Church Reveals Sex Allegations
7 South Florida Priests Were Suspended, 4 Have Retired Amid Complaints since 1998
By Jay Weaver, Lisa Arthur and Amy Driscoll
May 24, 2002
Seven South Florida priests have been suspended and four others have retired since 1998 because of sex-abuse allegations lodged against them, the Archdiocese of Miami disclosed for the first time Thursday.
The archdiocese also said it has turned over molestation complaints against four Broward priests to prosecutors in that county.
Church leaders also are working on a request by Miami-Dade County prosecutors to hand over information on similar complaints against priests by next week.
The archdiocese did not identify the suspended and retired priests in a statement supplied to The Herald. But some of them have been sued in recent weeks as the clergy sex-abuse scandal has spread here and across the country.
For months, the Archdiocese of Miami has refused to discuss any sex abuse allegations against its priests, at the same time other archdioceses nationwide have been baring their souls.
And as late as March, a church spokeswoman insisted the Miami archdiocese would not "release personnel information" of past allegations.
The very public release comes at a time when prosecutors in Miami-Dade and Broward counties are seriously pressing senior church leaders to cooperate with their investigations.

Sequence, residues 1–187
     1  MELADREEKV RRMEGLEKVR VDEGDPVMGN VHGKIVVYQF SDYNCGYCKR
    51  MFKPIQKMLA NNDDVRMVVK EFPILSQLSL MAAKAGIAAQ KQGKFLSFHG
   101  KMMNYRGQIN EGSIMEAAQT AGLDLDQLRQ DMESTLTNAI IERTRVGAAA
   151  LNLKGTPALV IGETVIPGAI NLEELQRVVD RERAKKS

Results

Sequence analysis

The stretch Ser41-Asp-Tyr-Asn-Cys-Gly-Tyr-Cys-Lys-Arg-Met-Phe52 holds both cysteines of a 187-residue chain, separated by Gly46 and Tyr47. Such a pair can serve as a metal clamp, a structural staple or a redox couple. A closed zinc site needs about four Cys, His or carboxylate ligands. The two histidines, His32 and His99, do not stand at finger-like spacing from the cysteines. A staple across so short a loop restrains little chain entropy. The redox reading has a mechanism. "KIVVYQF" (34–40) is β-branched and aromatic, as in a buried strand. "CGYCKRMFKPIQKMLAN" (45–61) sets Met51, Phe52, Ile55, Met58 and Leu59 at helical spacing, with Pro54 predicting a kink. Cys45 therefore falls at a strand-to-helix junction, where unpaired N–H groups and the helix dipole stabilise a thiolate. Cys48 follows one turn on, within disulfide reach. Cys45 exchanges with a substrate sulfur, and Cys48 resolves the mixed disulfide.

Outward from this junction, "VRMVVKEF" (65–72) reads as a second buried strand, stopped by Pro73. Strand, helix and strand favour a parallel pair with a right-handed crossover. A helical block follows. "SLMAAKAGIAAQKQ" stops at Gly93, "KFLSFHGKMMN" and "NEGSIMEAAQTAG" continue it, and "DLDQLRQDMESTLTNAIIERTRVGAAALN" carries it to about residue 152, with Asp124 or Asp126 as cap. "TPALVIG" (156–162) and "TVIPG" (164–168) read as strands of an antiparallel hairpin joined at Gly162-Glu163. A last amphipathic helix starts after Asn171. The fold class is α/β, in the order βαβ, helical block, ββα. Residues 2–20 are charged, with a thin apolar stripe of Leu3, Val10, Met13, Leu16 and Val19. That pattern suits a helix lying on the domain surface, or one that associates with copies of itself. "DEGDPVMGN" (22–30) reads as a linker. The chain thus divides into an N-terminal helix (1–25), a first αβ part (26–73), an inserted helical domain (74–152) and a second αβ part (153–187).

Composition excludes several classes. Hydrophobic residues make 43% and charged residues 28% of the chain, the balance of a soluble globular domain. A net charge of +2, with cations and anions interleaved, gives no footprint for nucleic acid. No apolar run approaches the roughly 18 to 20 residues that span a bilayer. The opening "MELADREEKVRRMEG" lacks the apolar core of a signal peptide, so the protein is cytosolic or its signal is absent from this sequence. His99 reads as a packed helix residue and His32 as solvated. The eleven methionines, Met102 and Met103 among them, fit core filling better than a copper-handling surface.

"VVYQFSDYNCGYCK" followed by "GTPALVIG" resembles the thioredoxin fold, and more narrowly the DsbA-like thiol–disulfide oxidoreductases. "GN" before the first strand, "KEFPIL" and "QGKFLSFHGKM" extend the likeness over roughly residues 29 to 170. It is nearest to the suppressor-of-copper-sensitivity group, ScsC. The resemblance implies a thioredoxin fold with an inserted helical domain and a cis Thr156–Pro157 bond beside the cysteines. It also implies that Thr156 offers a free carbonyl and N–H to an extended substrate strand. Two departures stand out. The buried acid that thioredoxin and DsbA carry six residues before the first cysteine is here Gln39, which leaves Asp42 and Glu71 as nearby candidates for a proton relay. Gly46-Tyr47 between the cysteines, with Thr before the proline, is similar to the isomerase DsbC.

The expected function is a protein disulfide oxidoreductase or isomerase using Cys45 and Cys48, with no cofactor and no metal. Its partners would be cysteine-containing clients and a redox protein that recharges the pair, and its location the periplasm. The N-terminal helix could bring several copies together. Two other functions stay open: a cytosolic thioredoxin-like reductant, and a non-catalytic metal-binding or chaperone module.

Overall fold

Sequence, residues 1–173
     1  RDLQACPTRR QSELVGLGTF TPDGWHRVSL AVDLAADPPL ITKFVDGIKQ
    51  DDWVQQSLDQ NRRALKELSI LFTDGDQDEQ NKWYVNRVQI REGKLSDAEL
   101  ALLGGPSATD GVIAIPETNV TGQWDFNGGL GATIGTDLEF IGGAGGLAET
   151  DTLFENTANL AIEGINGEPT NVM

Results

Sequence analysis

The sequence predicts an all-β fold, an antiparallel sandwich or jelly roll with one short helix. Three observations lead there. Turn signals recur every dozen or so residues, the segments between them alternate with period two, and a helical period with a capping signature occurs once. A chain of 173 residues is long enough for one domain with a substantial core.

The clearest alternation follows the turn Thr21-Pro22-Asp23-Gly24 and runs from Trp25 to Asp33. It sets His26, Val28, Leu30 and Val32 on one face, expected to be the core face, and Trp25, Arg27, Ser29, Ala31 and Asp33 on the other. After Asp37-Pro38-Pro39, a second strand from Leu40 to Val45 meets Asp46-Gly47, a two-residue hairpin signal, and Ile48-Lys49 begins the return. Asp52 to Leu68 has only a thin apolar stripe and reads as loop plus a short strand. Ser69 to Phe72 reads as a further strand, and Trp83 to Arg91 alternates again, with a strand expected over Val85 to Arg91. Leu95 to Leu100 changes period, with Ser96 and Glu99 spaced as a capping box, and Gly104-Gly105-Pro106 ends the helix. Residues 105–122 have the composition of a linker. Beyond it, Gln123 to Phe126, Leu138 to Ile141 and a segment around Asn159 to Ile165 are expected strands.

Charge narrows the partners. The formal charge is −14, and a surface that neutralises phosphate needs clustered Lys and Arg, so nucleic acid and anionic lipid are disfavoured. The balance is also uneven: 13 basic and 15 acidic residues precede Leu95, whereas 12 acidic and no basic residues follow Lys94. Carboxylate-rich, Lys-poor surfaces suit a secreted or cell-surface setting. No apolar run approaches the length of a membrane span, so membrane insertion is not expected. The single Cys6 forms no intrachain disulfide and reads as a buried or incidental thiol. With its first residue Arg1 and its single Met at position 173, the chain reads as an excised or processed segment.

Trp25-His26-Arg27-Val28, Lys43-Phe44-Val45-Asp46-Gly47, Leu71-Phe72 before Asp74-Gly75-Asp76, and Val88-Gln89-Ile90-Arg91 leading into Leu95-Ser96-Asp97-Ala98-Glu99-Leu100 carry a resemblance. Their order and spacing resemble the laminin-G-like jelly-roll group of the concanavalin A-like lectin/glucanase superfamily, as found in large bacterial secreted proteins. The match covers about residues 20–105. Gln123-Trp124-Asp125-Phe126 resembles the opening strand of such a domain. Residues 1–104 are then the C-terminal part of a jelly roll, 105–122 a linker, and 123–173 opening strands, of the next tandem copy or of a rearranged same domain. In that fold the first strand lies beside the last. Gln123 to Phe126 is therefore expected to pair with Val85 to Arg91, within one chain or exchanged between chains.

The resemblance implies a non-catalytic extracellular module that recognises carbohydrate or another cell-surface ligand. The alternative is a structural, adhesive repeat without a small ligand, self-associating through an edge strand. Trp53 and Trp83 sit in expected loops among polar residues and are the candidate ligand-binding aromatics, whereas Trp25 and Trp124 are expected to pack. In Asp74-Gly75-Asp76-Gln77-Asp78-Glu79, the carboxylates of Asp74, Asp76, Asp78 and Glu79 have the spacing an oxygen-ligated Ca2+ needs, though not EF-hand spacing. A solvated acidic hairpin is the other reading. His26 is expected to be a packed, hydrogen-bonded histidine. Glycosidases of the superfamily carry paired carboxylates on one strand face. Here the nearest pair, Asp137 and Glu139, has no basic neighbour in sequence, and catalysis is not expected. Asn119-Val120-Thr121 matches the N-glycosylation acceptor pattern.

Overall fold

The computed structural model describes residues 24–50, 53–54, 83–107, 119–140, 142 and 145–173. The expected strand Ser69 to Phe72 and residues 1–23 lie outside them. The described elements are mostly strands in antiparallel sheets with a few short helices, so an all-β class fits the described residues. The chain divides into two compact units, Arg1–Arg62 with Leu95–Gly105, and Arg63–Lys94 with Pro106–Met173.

The archdiocese, which serves 800,000 Catholics in Miami-Dade, Broward and Monroe counties, hired the Miami public relations firm Wragg & Casas this week to deal with the controversy and media.
There are 430 priests in the archdiocese, according to its website.
"They are being open and forthcoming," said Ray Casas, whose firm has specialized in public relations crises -- including representing U.S. Sugar Corp. in its successful fight against an industry tax to help clean up Everglades pollution.
Casas said the archdiocese is paying his firm, but declined to say how much.
Casas said he disclosed the latest information on priest suspensions and retirements after talking with archdiocese attorney, Patrick Fitzgerald.
Casas said he did not know how many of the seven suspended priests have been removed or reinstated following archdiocese probes into the accusations.
In April, Archbishop John C. Favalora videotaped a statement for parishioners to reassure them the diocese did not have problematic priests. Now the archdiocese finds itself investigating some of its priests.
"This does not mean the person is guilty of the accusation, but we suspend them in the interest of avoiding any possible further incidents," Casas said in the statement Thursday.
"We have no knowledge of any credible charge against an active member of the clergy in the archdiocese."
Currently, there are five sex-abuse suits against priests and the archdiocese -- four of them filed during the past month.
On May 8, the archdiocese publicly suspended two South Florida priests after a former Miami altar boy accused them of molesting him as a teen between 1970 and 1972.
Jose A. Currais Jr. alleges the Revs. Ricardo Castellanos and Alvaro Guichard abused him between the ages of 14 and 16 at St. Kieran Catholic Church in Miami, Church of the Little Flower in Coral Gables and elsewhere.
Castellanos, 56, pastor of San Isidro Church in Pompano Beach, and Guichard, 62, pastor of St. Francis de Sales Church in Miami Beach, have denied the allegations.